- The usual payment checks (eg the spending proposal has been approved, goods / services have been delivered, etc) must be undertaken before a payment can be made (refer to Chapter 8.11).
- The Finance Manager must approve the withdrawal of cash (for the total amount of the SAP payment proposal) from the bank account and issue a cash advance to an advance holder (eg Cashier).
- The advance holder is responsible for paying the suppliers and for custody of the cash advance.
- The cash payment is made to a supplier (or an agent appointed in writing by the supplier). The advance holder must verify the identity of the person collecting the payment. The payee must write their name and sign the SAP payment proposal to acknowledge receipt of the payment. A second departmental officer must witness the payment. For each payment the advance holder and witness must write their names and sign the payment proposal next to payee’s signature.
Repayment of unpaid cash
- The advance holder should repay cash that remains unpaid for 14 days to the bank account. The SAP vendor payment document should be reversed to reflect the amount was not paid.
Acquittal of cash advance
- The Cashier must acquit the advance by signing-off the completed SAP payment proposal and attaching the deposit slip (where applicable) for amounts repaid.
- The completed acquittal is submitted to the Finance Manager for checking.
7.17 Working Cash Advance
This section provides the policy and procedures for establishing, operating and reconciling a Working Cash Advance (WCA). The 'Working Cash Advance User Guide' should be used as guidance where appropriate, however, if there is an inconsistency between the FMM and User Guide the FMM will apply.
Use of the WCA
- The WCA should be used where a post does not have a local bank account or a post operates in a cash economy where most payments and receipts are made in cash.
- Posts making ad hoc cash payments to suppliers should refer to FMM 7.16 'Cash Payments to Vendors'.
Approval of WCA
- Proposals to establish a WCA must be approved by the CFO.
- The Finance Manager's request should include the reason why a WCA is required, the proposed cash limit and justification (eg estimated transaction volume and value) for the proposed limit.
Operation of the WCA
- The Finance Manager should avoid establishing other cash advances (eg petty cash) for the payment of public money where possible.
- The following DFAT officials should be involved in the operation of the WCA:
- Cashier: is responsible for the security and operation of the WCA.
- Witnessing official(s): witness the enveloping of cash payments and cash payments to payees.
- Finance Manager: signs-off the WCA reconciliation and posts the parked document to SAP.
- Appointment letters are available at FMM Forms and Template.
- The Finance Manager must appoint officials to undertake the other roles. The Finance Manager must not undertake the role of WCA Cashier.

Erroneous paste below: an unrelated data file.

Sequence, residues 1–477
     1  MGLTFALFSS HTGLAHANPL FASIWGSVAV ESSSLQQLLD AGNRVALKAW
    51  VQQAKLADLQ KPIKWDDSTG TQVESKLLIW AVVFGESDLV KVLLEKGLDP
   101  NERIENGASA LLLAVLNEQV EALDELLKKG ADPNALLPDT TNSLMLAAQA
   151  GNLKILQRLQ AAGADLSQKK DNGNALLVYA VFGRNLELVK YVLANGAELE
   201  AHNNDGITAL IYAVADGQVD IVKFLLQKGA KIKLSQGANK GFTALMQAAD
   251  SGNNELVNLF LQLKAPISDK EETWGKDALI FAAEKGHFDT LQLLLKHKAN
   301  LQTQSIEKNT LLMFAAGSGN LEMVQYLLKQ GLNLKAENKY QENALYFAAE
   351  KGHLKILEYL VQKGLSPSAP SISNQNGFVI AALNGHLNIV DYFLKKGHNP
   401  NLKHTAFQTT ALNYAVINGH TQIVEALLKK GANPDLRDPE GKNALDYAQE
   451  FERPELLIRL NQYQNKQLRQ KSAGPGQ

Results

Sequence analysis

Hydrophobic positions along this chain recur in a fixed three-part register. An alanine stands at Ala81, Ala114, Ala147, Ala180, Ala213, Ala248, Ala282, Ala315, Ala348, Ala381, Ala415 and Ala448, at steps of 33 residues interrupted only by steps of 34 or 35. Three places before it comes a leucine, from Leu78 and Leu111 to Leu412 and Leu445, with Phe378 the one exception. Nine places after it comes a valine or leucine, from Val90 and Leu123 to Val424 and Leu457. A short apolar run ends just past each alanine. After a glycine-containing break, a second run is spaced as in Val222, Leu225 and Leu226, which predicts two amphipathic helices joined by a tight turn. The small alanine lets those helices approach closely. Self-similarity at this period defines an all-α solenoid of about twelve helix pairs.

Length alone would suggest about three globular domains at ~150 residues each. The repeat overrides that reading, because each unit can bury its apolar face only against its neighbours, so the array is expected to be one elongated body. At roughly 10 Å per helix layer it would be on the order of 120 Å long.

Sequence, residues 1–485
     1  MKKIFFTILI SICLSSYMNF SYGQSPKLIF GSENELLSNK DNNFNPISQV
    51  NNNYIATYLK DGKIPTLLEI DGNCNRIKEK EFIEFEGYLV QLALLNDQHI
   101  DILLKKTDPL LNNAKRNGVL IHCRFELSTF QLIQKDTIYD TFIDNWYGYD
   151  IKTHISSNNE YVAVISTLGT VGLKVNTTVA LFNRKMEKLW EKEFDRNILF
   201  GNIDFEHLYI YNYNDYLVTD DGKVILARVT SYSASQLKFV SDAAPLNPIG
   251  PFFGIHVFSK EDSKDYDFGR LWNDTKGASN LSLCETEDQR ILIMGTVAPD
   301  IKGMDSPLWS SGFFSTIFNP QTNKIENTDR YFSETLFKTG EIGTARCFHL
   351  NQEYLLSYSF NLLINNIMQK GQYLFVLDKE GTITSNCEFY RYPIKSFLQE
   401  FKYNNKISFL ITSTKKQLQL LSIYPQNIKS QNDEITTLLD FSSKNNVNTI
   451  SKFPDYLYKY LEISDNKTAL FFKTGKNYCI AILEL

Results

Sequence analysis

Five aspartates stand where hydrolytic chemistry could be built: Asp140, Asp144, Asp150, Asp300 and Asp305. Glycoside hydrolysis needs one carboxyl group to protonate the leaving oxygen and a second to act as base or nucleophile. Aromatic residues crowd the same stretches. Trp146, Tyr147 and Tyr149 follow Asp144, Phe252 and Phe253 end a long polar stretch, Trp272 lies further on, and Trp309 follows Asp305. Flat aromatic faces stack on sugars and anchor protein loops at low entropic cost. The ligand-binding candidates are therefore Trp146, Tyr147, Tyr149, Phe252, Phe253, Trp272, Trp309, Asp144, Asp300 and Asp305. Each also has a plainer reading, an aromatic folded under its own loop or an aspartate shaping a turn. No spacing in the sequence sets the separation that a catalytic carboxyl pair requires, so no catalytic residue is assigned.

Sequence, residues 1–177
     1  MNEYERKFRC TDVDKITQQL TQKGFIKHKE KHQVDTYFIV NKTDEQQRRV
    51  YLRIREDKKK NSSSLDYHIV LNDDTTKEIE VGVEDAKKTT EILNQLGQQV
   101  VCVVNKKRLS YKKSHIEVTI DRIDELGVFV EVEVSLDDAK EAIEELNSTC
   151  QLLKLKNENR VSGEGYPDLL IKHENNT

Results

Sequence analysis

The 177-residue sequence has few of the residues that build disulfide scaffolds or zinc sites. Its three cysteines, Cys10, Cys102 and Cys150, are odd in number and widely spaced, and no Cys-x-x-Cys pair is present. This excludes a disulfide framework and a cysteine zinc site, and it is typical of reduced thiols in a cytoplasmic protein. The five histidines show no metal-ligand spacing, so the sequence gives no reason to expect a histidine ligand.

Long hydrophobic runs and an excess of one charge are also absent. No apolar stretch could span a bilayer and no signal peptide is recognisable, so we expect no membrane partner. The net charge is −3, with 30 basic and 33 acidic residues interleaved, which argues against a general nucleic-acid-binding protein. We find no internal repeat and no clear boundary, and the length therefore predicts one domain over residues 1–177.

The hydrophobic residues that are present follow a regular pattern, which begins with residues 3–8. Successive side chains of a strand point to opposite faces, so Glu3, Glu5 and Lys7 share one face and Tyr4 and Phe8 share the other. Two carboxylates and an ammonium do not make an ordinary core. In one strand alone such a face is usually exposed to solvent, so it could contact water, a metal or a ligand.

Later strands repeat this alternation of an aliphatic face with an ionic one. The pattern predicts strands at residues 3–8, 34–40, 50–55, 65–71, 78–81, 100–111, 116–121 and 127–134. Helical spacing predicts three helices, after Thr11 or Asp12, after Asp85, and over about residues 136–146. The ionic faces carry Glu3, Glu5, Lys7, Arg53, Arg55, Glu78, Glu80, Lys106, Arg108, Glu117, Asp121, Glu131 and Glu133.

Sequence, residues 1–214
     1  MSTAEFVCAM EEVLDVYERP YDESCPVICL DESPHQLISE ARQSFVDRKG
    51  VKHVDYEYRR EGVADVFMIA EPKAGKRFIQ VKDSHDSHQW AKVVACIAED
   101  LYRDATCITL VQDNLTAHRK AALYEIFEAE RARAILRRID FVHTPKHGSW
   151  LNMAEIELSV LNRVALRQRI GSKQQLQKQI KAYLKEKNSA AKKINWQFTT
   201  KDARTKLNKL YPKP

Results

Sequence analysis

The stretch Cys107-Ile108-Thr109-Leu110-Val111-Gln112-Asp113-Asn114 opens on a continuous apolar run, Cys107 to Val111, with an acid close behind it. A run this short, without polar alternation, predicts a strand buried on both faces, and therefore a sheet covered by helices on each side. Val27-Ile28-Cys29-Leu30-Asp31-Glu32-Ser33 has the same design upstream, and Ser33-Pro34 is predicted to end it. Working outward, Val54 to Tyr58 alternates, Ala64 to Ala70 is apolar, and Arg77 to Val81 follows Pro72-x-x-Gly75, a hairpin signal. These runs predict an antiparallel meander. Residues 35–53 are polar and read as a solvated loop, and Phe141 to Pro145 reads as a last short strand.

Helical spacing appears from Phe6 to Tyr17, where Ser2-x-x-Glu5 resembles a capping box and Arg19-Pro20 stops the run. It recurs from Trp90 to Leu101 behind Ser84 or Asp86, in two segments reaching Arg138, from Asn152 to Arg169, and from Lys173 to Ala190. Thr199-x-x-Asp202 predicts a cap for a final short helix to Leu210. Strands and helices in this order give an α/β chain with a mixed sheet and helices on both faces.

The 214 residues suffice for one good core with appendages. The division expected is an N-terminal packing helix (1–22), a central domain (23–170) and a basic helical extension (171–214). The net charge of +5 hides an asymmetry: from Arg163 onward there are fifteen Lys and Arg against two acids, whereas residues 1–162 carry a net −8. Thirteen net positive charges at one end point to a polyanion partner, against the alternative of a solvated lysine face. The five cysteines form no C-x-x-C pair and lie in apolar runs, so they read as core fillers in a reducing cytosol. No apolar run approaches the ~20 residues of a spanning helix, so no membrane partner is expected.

- The Finance Manager must implement procedures to manage the risks associated with the WCA and ensure key internal controls are maintained.
- All WCA payments and receipts must be recorded separately on the WCA Ledger (refer to the WCA User Guide).
- The Cashier must issue a receipt to the payer and record the information in the WCA Ledger. The receipt must include the date, amount, payer's name and reason for the payment.
- The duplicate copy of the receipt and any supporting documentation (eg invoice) should be retained with the WCA records.
- Payment requests should be submitted on the Proposal to Spend Public Money Form FMA 001.
- The Cashier must ensure:
- DFAT payments have been approved under FMA Regulation 9
- Attached agency payments have been signed-off by an authorised agency official in accordance with the SLA.
- Before issuing the payment the Cashier must verify the identity of the person receiving the payment.
- Payments must be witnessed by a Witnessing official.
- The payee must acknowledge receipt of the payment on the FMA001. The receipt should include the date, payment amount and the reason for the payment. The payee must also write their name and sign the payment receipt.
- The Cashier and Witnessing official must write their names and sign next to the payee's signature.
- The FMA001 and supporting documentation (eg invoice) must be retained with the WCA records.
Cash payments prepared in advance of collection
- Where a cash payment is prepared in advance of collection the payment should be placed in a sealed envelope and kept in the WCA cash box. Details of the payment, including the payee's name , payment amount and the reason for payment, should be written on the envelope and initialled by the Cashier and Witnessing official.
- Payments that are unclaimed for more than 14 days must be repaid to the WCA and recorded in the WCA Ledger.
- The Finance Manager should determine the frequency of the WCA reconciliation after taking account of the WCA level and other risks.
- Notwithstanding the above, the WCA must be reconciled at least once a week and whenever the occupant of the Cashier position changes.
- At least once a week; and
- Prior to EOM processes; and
- Whenever the occupant of the Cashier position changes.
- The WCA Reconciliation sheet (refer to the WCA User Guide) must be used for the reconciliation.